With the pandemic and the academic schedule coming to a standstill, students had a lot of time to explore internships. I too, being one them, was fortunate enough to get a chance to intern with a few companies. Apart from giving great learning and working experience, I could not help but notice a lot of ways in which employers take undue advantage of students. In ways, more than one internship proves to be problematic for a lot of students.
While some internships pay a decent amount of money to students, others are completely unpaid. In the name of providing experience and resume enhancement, employers often exploit students. Where employers are eager to get cheap labour and students looking for new ways to gain experience, the cycle of exploitation becomes endless. On one hand, employers refuse to hire anybody who lacks experience and on the other, they refuse to pay students because they are “providing experience”. Students often find themselves entangled in the web, spun by the corporate structure itself, where they help an organisation gain all kinds of profit, yet find themselves at loss.
Unpaid internships are not only exploitative but also extremely classist. Students who come from a lower-income background, know well that unpaid internships are a privilege. While some internships are necessary to get a permanent job, some of the students cannot even avail that. Students who migrate to cities like Delhi cannot afford to work for somebody without monetary remuneration. Therefore, it is safe to say that unpaid internships are accessible to only those students who are privileged enough to not care about money.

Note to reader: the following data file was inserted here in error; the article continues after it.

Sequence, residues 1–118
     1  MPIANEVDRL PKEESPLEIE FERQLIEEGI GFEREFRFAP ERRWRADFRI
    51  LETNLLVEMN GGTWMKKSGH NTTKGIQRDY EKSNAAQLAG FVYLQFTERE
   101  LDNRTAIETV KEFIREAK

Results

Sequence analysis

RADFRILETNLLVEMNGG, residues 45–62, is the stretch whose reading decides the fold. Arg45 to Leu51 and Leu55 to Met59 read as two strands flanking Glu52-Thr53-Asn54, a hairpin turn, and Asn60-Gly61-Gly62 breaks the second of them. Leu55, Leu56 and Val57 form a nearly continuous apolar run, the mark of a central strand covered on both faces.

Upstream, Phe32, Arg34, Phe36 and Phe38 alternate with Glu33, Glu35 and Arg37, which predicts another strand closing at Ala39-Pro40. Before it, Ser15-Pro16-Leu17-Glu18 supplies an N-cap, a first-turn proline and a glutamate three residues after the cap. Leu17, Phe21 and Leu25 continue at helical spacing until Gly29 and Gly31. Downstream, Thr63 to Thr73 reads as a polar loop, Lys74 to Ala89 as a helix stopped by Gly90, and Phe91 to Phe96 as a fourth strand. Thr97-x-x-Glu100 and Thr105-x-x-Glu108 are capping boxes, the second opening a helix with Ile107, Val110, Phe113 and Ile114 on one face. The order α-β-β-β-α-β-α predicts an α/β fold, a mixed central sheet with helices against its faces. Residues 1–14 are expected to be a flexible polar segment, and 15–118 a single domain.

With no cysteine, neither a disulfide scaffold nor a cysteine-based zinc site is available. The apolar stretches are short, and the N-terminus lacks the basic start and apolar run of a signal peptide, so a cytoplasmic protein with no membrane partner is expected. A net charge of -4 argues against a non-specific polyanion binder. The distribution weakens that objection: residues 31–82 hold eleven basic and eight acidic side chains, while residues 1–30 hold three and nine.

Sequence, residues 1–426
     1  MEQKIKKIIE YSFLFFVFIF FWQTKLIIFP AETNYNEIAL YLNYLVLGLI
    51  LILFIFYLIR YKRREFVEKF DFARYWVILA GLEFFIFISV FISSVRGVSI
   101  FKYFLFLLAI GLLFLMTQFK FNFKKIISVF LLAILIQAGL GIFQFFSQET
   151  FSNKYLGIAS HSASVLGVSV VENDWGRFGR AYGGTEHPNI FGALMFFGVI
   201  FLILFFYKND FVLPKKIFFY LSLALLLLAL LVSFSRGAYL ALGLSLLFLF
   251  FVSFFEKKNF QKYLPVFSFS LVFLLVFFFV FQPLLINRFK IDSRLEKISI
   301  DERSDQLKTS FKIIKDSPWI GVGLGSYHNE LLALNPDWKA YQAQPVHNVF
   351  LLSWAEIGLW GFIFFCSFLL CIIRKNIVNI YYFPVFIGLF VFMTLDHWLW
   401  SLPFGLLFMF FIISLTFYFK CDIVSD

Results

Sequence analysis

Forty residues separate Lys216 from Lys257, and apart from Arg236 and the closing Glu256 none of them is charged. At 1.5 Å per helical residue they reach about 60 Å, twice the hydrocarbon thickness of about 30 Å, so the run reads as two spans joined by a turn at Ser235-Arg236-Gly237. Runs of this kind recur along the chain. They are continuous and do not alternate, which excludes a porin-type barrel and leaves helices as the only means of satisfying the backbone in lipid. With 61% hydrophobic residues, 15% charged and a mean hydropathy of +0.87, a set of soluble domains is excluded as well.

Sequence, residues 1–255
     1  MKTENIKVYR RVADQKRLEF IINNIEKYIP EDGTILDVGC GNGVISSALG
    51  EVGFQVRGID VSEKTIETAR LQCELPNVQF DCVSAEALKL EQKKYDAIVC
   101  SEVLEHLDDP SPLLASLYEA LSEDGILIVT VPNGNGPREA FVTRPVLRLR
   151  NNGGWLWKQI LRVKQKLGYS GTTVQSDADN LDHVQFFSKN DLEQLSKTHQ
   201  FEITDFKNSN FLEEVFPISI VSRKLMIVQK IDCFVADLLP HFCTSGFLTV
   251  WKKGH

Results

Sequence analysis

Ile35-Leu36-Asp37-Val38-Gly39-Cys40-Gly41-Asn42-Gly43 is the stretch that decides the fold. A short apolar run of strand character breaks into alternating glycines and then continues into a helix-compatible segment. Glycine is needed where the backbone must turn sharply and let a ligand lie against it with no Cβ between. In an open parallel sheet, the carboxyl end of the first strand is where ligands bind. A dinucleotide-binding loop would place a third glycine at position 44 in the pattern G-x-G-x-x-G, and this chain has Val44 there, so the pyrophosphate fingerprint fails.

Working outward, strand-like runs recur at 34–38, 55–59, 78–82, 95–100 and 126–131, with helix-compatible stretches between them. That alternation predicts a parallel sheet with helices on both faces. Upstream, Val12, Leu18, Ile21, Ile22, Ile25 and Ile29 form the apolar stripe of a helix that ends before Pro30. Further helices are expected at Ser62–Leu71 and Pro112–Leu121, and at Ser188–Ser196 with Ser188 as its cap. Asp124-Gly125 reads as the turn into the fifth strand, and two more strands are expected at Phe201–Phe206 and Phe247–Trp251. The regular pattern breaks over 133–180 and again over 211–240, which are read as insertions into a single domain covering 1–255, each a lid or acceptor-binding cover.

Students pay a countless amount of money, time and energy to acquire a degree or a skill set. These skills are required to get an internship, in the first place. However, companies thrive using these skills for free, leaving an intern with a piece of certificate.
In all honesty, though all internships are not that bad, some internships do pay a decent amount of money to interns. The work environment is also uplifting. However, those internships are not perfect either.
A lot of paid internships are full-time. This proves to be absolutely perfect as an experience for a permanent job. But they are not completely helpful for college students. Many students seek paid internships while they are studying. With 5-6 hours of regular classes and additional travel, it becomes impossible for them to work full-time. Part-time internships are, therefore, the only solution they are left with. But again, how many part-time internships are even paid?
The problem is more than the violation of the basic right of getting a pay. For some students, it is a necessity, owing to ever-rising rent, travel and personal expenses. It seems like it is almost impossible for students to get an internship which not only pays decently but also respects their academic schedule.
Also read: Internships vs College Scocieties
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